The response was both immediate and thought provoking and it was interesting to see why these other bloggers, whom I read and respect, buy the books they do.
This post by JK Parkin, from Blog@Newsarama, marks the final part of my five part series of guest posts. Feel free to check out the previous entries from Greg Hatcher (Comics Should Be Good!), Lee Newman (Broken Frontier), Kristina Wright (Geeked) and Rokk (Rokk's Comic Book Revolution).
Why Do I Buy Certain Comic Books?
by JK Parkin
When I was much younger and first started buying comics, my filter for picking out a comic to buy was pretty simple -- the cover. I'd walk into a 7-Eleven, take the spinner rack for a spin, and see what jumped out at me.
Later on, I moved from the "cool cover" filter to the "cool character" filter. X-Men, Spider-Man, Teen Titans, Daredevil ... once I discovered comic shops in the 5th grade, I became obsessed not with just buying the monthly doses of these books, but filling in the holes in my collection by buying back issues.
Who the heck was this Grant Morrison guy, anyway?In high school, though, things started to change. The trips to the comic shop exposed me to books I'd never known had existed, by companies like Eclipse, First, and, eventually, Dark Horse. I still followed certain characters, but I started reading Comic Buyer's Guide, Amazing Heroes and other publications that talked about the creators. I became cognizant of the creative process behind comics. I joined APAs (Amateur Press Associations), and learned about even more cool comics from the zines I read, as people reviewed stuff I'd never even heard of. I remember reading about Animal Man, which I laughed off when I saw it in the store. Who the heck was this Grant Morrison guy, anyway? But the guys in Legends APA spoke highly of it, so I tried it out.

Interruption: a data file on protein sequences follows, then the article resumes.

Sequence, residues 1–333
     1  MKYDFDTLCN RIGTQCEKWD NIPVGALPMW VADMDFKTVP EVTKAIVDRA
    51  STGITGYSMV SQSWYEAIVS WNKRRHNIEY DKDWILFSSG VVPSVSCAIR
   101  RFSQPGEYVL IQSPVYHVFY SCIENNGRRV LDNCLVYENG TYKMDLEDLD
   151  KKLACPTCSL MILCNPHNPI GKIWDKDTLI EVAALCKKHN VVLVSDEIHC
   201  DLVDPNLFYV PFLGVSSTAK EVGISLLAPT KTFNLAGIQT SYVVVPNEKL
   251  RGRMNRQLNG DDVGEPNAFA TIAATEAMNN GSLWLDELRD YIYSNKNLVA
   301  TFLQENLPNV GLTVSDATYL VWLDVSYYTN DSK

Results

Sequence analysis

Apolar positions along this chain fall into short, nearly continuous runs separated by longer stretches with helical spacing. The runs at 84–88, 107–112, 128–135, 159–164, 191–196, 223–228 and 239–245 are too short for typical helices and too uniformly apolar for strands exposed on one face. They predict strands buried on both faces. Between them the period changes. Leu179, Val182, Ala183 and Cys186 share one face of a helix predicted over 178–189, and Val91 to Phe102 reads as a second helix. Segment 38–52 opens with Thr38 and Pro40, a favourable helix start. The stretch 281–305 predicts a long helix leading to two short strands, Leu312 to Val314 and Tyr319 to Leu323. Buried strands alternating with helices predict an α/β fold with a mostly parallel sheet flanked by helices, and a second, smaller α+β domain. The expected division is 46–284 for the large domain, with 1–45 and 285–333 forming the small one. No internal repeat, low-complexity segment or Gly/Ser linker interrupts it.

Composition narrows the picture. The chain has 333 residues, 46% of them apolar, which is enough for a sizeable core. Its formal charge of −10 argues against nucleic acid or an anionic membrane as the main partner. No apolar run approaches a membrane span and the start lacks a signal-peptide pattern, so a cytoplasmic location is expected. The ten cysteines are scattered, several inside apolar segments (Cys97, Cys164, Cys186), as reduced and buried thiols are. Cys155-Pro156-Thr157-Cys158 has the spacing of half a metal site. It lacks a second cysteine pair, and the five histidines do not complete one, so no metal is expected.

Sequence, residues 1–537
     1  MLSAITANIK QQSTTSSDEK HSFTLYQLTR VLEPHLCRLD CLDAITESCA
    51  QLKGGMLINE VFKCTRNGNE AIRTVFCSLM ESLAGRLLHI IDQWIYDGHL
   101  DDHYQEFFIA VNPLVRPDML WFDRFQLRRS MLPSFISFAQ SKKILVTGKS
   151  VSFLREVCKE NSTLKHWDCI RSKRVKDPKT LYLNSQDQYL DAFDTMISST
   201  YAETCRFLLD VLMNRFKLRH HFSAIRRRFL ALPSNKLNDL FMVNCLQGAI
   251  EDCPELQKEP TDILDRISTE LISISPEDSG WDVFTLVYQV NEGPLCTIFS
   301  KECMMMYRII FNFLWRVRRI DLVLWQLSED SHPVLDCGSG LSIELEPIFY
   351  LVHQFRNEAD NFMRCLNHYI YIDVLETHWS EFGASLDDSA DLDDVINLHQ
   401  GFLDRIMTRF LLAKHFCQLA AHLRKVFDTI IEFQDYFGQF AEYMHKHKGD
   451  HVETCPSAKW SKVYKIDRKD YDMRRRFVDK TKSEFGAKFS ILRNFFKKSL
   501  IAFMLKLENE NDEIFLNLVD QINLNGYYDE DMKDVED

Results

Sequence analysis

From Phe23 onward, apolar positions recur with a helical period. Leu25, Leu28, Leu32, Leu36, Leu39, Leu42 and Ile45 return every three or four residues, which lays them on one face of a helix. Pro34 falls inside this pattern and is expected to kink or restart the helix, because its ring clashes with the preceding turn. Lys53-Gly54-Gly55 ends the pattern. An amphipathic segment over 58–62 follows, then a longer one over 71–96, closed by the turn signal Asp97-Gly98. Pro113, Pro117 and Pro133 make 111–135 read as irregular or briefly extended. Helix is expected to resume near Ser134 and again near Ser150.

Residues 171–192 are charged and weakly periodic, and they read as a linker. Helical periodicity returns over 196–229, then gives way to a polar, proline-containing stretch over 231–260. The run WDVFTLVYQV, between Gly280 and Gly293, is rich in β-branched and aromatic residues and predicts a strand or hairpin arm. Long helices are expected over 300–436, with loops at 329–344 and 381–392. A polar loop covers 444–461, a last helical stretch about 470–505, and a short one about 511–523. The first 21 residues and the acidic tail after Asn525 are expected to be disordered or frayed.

Typically I'll choose a book based on the writer first, artist second.Nowadays, my "filter" is driven by creators ... typically I'll choose a book based on the writer first, artist second. And I still get feedback from other people, but with the internet, that net goes a lot wider than just the 25 or so members of an APA. That's one of the things I enjoy about Blog@Newsarama - I know if there's a really great Marvel book out there that I somehow missed, Carla's going to tell me. Same with DC and Tom. Same with Michael May and what he calls that "middle tier." I probably would have missed Atomic Robo if it wasn't for him. And with Chris and the alt-comix stuff, and so on and so on. And I'm not just talking about on the blog itself; we have an email group we use to help manage the site, but we probably spend more time talking about other stuff, including good comics.
So my days of buying something based on its cover or the characters inside are probably long gone - nowadays, put a great team on a book, and I don't care who it's about.